I’m still going to do a post about transferring energy from gasoline to lawnmower blades, but a thought occurred to me while I was obsessively rereading my last post that I think might make for a good post in and of itself.

I’ve got a copy of

*The Way Things Work*on my bookcase, and sitting right beside it is a copy of*The New Way Things Work*. I gobbled up the former book as a kid; it was my first introduction to the idea that electrons release photons whenever they jump down shells, to the concept of computer logic gates, how fission and fusion work, and a whole host of other scientific ideas. I know the book is primarily about machines, but for some reason it was the microscopic stuff that stuck with me more than the mechanical bits.
Anywho, there’s a page about transformers in the book, and I still remember thinking when I read it that transformers were somehow cheating.

You wrap wire around a magnet, wrap more wire around the other end of the magnet, and voila, you’ve increased the electricity pumping through the wire. So why is energy in such short supply? Are there not enough magnets?

You're the man, David Macaulay. Seriously. |

I didn’t have a clear understanding of what the conservation of energy meant as a kid (and it can certainly be argued that I don’t now, either, given that I have no idea how Noether’s theorem about symmetry leads to conservation laws), but it still struck me as somehow wrong. And it struck me as wrong for a very long time, right up until about this semester, when I learned what a transformer is really doing.

I think this speaks to the fact that we (the general public) have a very fuzzy idea of what energy is. We know that climbing an electric fence that says “DANGER: 10,000 VOLTS”...

Please don't sue me, Steven Spielberg. |

It turns out that a volt is a measure of energy per charge. You can think of it as the amount of pressure an electron is under. An amp, on the other hand, is the amount of charge moving past some point per second. If you multiply these two quantities together, the charge cancels out and you get energy per second. This quantity is known as the watt, which most people recognize as being what the power company delivers.

But more importantly, this gives us a way to measure energy over time. Because energy is conserved, we know that the amount of energy pumped into a transformer must be equal to the amount of energy pumped out (assuming some ideal transformer with no real world problems). What a transformer does, however, is increase the voltage of the current flowing through it. That is to say, it increases the amount of energy packed into each charge. In order to ensure that the same amount of energy passes through a transformer, less charge must flow out.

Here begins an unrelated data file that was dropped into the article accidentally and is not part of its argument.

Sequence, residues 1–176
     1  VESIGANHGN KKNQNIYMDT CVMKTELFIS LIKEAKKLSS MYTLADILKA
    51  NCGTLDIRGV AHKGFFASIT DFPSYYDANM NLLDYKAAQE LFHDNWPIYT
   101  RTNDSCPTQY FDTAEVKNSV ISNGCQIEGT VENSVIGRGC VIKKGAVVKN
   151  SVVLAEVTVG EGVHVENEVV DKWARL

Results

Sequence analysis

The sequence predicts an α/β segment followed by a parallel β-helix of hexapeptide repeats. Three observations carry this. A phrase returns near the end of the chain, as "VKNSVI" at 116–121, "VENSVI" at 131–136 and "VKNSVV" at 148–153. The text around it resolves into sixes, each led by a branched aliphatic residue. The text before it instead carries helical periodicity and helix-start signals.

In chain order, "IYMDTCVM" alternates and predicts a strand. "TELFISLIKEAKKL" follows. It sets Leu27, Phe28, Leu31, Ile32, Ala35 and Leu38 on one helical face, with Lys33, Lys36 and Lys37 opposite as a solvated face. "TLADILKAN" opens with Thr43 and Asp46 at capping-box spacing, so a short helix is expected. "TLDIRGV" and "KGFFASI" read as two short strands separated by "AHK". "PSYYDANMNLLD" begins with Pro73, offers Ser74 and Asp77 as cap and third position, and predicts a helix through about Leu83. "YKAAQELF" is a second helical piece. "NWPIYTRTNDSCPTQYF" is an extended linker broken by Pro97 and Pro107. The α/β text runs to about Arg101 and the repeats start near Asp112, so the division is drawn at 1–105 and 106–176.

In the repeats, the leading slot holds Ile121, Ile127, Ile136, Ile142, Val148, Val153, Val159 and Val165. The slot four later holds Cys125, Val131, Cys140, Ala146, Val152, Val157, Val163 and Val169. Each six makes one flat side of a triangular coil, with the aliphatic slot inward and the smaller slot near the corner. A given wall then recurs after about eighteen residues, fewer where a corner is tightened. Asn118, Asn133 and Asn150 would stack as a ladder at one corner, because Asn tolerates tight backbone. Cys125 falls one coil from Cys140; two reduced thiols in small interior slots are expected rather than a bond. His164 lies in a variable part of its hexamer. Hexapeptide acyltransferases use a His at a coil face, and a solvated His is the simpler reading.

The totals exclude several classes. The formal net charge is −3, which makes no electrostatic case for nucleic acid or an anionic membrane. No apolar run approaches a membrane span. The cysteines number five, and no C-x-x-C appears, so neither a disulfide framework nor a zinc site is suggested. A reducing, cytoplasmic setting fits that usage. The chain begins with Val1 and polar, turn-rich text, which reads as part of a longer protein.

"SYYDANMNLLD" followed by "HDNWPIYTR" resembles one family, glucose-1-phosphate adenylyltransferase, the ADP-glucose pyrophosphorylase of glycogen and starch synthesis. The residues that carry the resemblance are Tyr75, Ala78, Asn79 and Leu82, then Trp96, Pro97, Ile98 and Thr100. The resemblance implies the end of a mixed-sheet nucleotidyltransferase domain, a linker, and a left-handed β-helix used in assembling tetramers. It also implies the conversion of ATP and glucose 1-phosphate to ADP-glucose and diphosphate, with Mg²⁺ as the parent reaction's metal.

(It’s also true, however, that charge is a conserved quantity, so you might think just as much charge has to come out as goes in. But that’s not what conservation really means. It just means that the amount of charge does not change with time; it says nothing of where that charge must go. What’s really happening is that electrons go into the transformer, dump their energy into the transformer’s magnetic field, and then circle back to wherever they came from. The energy they dumped into the magnetic field, however, is then transferred to new electrons at the other end of the transformer. The number of electrons never changes, and the amount of energy never changes, but there are fewer electrons coming out one end than going in the other.)

Say we have a current carrying 1 watt of power at 1 volt and 1 ampere through a transformer. After 1 second, 1 watt pumps 1 joule of energy into the transformer. Then we turn the current off. We expect that 1 joule is going to come out of the transformer a second later. If the transformer increases the voltage of the current to 10 volts, then we have 10 joules per coulomb coming out of the transformer. But since we only have 1 joule to begin with, this means we can only send out 1/10 of a coulomb of charge. Our transformer, then, has turned our 1 volt, 1 ampere current into a 10 volt, 0.1 ampere current. The power is still 1 watt, however, which means that the amount of energy delivered over time is constant.

As the title of the post says, there ain’t no such thing as a free lunch. Transformers don’t cheat; they just do some clever bookkeeping. (I’ve tried to imagine a mechanical analog to a transformer but haven’t been able to come up with anything that doesn’t seem tortured and contrived. Perhaps this is one of the places where the world of electricity and magnetism doesn’t mirror the real world, or perhaps I’m simply having a failure of imagination.)

Until next time, folks.

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